Registration in Connecticut is also required of people convicted in another jurisdiction of a crime that is substantially similar to one that requires registration in Connecticut (CGS 54-253).


A convicted offender or person found not guilty by reason of mental disease or defect must register his or her name, identifying factors, including a photograph, criminal history record, and residence address with the commissioner of DPS within three days of his or her release into the community (CGS 54-251-54). The most recent photograph of the offender, taken by either DPS, the Department of Correction (DOC), another law enforcement agency, or the Court Support Services Division of the Judicial Department, is included in the registry, and DPS must retake the offender's photograph at least once every five years (CGS 54-257(d)).

DPS maintains sex offender registration records for 10 years following the offender's release into the community. Lifetime registration is required, however, if the offender is convicted of a second offense, a sexually violent offense, or has sexual intercourse with a child under age 13 when the offender was at least two years older than the victim (CGS 54-251).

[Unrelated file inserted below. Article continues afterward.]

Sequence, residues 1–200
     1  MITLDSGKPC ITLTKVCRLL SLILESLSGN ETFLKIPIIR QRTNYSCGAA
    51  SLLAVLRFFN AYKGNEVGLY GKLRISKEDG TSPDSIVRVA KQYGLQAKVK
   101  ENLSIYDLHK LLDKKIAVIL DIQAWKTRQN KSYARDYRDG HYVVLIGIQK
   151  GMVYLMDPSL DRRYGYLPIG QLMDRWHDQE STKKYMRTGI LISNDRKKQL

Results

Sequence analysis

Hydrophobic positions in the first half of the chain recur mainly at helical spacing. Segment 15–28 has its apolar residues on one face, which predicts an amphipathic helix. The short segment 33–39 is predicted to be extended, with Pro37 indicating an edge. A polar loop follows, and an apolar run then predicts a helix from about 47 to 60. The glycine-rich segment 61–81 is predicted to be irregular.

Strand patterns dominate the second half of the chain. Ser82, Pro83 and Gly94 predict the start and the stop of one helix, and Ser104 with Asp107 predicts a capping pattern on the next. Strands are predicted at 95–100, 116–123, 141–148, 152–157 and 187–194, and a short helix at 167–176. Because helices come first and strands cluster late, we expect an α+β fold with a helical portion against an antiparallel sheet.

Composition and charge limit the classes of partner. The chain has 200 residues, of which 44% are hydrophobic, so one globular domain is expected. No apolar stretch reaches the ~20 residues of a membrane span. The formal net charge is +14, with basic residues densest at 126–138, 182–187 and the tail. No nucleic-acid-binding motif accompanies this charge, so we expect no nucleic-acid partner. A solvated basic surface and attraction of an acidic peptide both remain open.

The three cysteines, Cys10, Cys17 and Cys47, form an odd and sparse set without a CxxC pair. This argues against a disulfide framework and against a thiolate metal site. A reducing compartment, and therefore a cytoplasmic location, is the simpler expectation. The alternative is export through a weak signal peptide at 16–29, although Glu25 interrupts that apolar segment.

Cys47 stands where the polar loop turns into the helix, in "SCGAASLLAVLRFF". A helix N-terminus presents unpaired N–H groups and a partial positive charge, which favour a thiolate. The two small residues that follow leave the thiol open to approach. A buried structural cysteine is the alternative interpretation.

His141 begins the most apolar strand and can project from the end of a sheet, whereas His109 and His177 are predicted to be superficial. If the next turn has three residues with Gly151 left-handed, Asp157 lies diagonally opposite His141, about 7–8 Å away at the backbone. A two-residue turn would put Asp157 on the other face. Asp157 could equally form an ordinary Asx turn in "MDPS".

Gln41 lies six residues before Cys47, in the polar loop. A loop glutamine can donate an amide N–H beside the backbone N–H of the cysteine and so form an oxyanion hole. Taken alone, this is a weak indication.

Offender Registration Obligations Upon Release Into Community

Registered offenders must comply with a number of registration procedures upon release into the community. No registration requirements are placed on offenders during incarceration, but once an offender is released into the community, either at the end of a prison term or on parole or probation, the offender must comply with registration requirements or face class D felony charges (CGS 54-256). Slightly different sets of procedures apply when offenders are released on parole or probation, as opposed to when their term of incarceration unconditionally expires. In the case of early release or parole or probation, the DOC commissioner or the Psychiatric Review Board (for those incompetent to stand trial) must require that the offender comply with the sexual offender registry requirements before release. Principally, this requires DOC or the review board's officials to obtain a completed registration package from the offender and send it to DPS.